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Classic Holiday Traditions – A Christmas Story (Movie)

A Christmas Story

There are quite a number of holiday traditions and a good number of those of traditions center around the holiday entertainment that can be found; specifically that of holiday entertainment. Everyone has there particular favorite when it comes to holiday entertainment; some like traditional, some like modern and some like a combination. However, there is one movie that everyone recognizes and looks forward to; A Christmas Story.Who doesn’t remember the immortal line; “You’ll shoot your eye out!” When this one particular line is mentioned everyone just automatically knows what movie is being referenced as images of little Ralphie come to mind. After all, what would Christmas be with this great classic movie playing on the television? Little did anyone know that in 1983 when this movie hit the screen would it develop such a place in the hearts of millions and so effectively play a part in the holiday’s entertainment traditions.What makes this movie such a great classic is the combination of the retro feel that takes up back to the 1940’s and the humor that can be found in those quirky moments of childhood, especially around the holiday season. A large part of the movies charm is how Ralphie views the moments that kids see as the huge hurdles of life in such an over the top dramatic way that only kids can recognize; and this is done with such clarity and faithfulness to a child’s imagination. This, when combined with a child’s wild imagination, proves for a winning and charming effect that rings true to those childhood moments we may have forgotten when we reached adulthood.
Although it’s hard to imagine anyone who hasn’t seen this classic, Christmas Story is about a young boy named Ralphie, played brilliantly by Peter Billingsley, in 1949 Indiana who has only one wish for his Christmas gift; an official Red Rider carbine action 200 shot bb rifle with this thing in the stock that tell time. Unfortunately for little Ralphie his mother, and almost everyone else, seem to have the fear that he will shoot his eye out. This begins are diligent hero’s quest to reach his Holy Grail, or BB rifles as the case may be.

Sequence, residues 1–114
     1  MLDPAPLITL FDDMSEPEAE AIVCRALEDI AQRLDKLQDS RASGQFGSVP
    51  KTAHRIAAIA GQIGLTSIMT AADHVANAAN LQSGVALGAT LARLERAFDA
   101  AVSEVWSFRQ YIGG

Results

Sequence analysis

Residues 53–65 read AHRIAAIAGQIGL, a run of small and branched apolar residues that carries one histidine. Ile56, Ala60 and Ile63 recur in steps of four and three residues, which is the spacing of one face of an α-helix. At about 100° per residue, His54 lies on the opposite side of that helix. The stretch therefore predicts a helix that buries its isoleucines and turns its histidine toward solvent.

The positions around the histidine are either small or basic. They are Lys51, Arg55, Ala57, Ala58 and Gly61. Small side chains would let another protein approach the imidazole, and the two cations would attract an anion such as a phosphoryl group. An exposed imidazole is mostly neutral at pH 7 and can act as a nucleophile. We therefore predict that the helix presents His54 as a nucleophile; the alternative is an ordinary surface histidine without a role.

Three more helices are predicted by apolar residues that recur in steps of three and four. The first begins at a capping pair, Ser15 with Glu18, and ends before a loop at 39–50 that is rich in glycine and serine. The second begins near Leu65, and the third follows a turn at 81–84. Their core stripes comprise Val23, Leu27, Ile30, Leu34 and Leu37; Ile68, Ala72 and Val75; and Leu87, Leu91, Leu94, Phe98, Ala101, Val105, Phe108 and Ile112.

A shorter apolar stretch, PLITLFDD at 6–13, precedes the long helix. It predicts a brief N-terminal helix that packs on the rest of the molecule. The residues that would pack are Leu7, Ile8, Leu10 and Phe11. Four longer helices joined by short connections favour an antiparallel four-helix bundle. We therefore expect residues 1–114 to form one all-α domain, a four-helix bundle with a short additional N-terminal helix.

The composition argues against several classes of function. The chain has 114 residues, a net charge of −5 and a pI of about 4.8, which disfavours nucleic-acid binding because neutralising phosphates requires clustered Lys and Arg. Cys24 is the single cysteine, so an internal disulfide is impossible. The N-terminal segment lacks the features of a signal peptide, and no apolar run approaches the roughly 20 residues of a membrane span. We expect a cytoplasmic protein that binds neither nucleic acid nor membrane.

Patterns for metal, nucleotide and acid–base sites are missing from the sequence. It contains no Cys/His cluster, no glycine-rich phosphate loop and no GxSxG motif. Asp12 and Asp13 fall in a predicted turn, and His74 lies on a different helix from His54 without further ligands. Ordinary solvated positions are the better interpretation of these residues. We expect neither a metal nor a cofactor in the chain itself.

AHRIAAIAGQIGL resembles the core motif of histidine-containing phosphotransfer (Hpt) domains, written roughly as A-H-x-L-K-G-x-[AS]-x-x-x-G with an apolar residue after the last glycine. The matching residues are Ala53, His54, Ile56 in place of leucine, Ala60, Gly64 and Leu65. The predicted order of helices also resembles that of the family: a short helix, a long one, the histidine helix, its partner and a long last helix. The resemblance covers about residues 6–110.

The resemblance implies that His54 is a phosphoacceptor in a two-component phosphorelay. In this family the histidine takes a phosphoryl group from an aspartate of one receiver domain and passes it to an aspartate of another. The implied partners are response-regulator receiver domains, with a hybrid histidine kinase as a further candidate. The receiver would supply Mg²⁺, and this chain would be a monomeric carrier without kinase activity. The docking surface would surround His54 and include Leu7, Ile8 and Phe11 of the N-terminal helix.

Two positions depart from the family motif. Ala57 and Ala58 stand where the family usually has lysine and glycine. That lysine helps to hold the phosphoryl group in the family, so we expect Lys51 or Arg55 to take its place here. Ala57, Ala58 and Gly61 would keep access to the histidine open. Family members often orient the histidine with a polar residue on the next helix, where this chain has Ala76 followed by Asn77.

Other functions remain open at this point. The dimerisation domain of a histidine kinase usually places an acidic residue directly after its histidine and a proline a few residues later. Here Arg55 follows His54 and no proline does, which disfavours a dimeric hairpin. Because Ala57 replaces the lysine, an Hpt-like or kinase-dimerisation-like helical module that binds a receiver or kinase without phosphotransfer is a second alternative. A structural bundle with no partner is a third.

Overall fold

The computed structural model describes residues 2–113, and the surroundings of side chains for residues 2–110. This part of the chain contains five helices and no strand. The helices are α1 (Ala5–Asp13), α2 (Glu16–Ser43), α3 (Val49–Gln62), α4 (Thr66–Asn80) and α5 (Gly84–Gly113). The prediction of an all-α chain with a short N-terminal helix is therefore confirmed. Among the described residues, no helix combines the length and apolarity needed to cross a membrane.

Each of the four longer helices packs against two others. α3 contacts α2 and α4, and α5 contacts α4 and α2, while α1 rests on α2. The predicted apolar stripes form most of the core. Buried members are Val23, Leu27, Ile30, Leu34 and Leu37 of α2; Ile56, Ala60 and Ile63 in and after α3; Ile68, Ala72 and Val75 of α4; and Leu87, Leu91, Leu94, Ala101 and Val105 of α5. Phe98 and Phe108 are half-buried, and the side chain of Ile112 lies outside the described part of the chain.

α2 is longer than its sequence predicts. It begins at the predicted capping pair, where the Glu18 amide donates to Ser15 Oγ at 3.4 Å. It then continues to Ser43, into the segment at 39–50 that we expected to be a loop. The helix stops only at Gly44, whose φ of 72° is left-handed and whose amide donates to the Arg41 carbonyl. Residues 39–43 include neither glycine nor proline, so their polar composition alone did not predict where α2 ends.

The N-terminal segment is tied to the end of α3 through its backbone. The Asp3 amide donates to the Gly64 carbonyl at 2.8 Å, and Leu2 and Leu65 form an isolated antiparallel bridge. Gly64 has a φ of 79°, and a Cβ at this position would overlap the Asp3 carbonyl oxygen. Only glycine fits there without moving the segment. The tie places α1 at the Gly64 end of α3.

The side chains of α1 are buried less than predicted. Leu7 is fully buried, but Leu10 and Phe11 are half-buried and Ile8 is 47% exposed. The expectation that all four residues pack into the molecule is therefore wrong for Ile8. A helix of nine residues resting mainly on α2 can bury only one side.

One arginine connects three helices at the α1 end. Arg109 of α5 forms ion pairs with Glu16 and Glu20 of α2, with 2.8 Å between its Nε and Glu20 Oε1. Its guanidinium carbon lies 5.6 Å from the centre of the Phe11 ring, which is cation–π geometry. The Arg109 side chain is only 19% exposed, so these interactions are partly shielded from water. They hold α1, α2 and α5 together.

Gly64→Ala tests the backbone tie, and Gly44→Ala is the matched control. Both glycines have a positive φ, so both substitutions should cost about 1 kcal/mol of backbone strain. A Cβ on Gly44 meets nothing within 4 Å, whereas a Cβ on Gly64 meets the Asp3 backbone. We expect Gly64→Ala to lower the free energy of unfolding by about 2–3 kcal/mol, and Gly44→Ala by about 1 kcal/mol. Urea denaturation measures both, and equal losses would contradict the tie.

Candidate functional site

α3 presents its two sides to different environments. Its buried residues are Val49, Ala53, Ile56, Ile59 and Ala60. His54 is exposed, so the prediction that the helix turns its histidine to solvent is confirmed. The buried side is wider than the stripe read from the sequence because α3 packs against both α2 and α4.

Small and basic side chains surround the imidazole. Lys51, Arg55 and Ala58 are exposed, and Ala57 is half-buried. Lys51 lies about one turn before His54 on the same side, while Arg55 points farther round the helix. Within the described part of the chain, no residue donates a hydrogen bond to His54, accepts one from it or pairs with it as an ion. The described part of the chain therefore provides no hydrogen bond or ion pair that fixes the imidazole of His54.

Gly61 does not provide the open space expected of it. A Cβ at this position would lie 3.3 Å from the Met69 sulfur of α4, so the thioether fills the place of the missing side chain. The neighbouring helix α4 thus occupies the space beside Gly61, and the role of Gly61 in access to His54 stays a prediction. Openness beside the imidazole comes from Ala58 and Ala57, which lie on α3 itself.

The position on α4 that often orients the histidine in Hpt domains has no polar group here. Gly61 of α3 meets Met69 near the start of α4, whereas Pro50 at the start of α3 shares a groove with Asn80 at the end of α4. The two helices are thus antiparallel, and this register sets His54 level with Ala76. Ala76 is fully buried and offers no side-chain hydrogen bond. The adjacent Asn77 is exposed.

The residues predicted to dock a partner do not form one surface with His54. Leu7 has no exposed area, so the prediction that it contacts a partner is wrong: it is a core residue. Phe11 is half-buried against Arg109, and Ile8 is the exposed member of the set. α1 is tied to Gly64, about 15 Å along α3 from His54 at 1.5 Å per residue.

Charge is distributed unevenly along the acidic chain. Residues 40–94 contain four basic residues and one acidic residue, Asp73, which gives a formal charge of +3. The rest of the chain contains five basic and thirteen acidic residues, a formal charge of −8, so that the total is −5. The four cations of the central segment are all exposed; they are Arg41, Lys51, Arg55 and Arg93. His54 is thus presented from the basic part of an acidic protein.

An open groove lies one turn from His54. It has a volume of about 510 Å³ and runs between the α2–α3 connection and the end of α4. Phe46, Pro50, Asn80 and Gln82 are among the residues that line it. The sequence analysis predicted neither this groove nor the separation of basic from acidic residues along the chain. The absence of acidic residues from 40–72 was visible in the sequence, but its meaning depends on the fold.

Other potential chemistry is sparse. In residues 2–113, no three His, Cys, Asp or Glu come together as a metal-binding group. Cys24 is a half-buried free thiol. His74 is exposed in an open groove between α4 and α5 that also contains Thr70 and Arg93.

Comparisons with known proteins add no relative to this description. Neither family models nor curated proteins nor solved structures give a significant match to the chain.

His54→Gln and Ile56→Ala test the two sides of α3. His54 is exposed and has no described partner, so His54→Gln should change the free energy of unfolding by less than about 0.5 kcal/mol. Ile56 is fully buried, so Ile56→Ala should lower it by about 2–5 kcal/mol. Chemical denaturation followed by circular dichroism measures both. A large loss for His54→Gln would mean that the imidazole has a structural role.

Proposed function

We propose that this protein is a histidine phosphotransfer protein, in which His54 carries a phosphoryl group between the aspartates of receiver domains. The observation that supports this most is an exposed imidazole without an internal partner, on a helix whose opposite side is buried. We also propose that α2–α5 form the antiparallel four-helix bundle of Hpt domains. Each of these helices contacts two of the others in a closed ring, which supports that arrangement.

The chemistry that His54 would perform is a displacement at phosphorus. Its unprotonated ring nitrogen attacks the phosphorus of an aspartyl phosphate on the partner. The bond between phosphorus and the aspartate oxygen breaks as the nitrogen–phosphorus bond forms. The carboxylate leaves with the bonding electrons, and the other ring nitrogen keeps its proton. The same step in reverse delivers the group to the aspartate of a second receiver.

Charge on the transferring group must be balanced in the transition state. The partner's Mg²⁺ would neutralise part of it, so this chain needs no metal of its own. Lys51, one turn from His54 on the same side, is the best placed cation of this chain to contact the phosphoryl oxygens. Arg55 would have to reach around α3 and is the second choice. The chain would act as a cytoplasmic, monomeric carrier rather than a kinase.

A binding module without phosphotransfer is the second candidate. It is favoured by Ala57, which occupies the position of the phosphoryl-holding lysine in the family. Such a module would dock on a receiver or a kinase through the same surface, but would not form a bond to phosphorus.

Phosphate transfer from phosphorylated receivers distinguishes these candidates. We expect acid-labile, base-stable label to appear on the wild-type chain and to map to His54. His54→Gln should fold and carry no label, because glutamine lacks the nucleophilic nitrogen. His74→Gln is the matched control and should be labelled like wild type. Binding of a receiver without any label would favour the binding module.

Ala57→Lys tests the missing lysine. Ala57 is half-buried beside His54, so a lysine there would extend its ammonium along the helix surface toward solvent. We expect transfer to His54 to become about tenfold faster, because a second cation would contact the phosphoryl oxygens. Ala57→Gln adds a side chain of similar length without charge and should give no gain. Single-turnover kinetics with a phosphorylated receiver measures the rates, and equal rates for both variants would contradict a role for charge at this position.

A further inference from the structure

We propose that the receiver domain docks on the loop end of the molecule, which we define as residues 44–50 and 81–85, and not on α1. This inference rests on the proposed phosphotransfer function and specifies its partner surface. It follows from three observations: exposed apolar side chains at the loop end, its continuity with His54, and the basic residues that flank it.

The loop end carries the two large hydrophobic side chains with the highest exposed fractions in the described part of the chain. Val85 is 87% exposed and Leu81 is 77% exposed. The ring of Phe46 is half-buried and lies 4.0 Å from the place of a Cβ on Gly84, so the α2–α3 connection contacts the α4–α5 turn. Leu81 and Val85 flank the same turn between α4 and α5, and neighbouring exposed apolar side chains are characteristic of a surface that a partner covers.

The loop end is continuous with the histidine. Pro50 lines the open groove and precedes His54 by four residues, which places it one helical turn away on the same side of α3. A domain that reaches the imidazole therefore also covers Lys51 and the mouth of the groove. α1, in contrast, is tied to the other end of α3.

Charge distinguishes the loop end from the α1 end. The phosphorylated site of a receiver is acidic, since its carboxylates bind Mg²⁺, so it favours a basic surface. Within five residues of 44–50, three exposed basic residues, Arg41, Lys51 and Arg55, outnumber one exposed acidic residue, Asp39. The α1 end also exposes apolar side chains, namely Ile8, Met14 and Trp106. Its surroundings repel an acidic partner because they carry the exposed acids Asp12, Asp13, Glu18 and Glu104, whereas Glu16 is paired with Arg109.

The antics soon ensue as little Ralphie tries every ploy imaginable, from planting ads in his mother’s magazine to informing his parents of the bear that his friend Schwartz saw as the candy store, to reach his goal. Ralphie even devises the brilliant plan of making the subject of his homework assignment that of wanting his beloved rifle as a Christmas gift. However, nothing seems to work despite his best efforts until he remembers his ace in the hole; telling Santa Clause, who also believes that little Ralphie will shoot his eyes out.
Along the way Ralphie learns some valuable life lessons such as the importance of not being tricked into confessing to the teacher after triple dog daring your friend to stick his tongue to a frozen flag pole. Another lesson that proves valuable for little Ralphie would be that of the sneakiness of advertisers who like to slip in ads during Little Orphan Annie after waiting weeks for your decoder pin. Let’s not forget the lesson of standing up to the neighborhood bully as you use every word you’ve heard your father say as he fights with the furnace and having your mother pull you off to learn that she won’t squeal on you to your father. However, we all know the most important lesson would be that of which soap is preferable when your mother washes your mouth out for repeating what Dad said.
Through all of these lessons and rampant imaginings little Ralphie accepts defeat; yes, even when he has to wear Aunt Clara’s pink bunny suit. Ralphie accepts that he wont be getting his beloved BB gun. However, the one source that Ralphie never though to try; The Old Man, comes through in brilliant style. Yes, little Ralphie gets his rifle and almost shoots his eye out, but only grazed himself and even manages to avoid possible retribution thanks to convincing tears and icicles.

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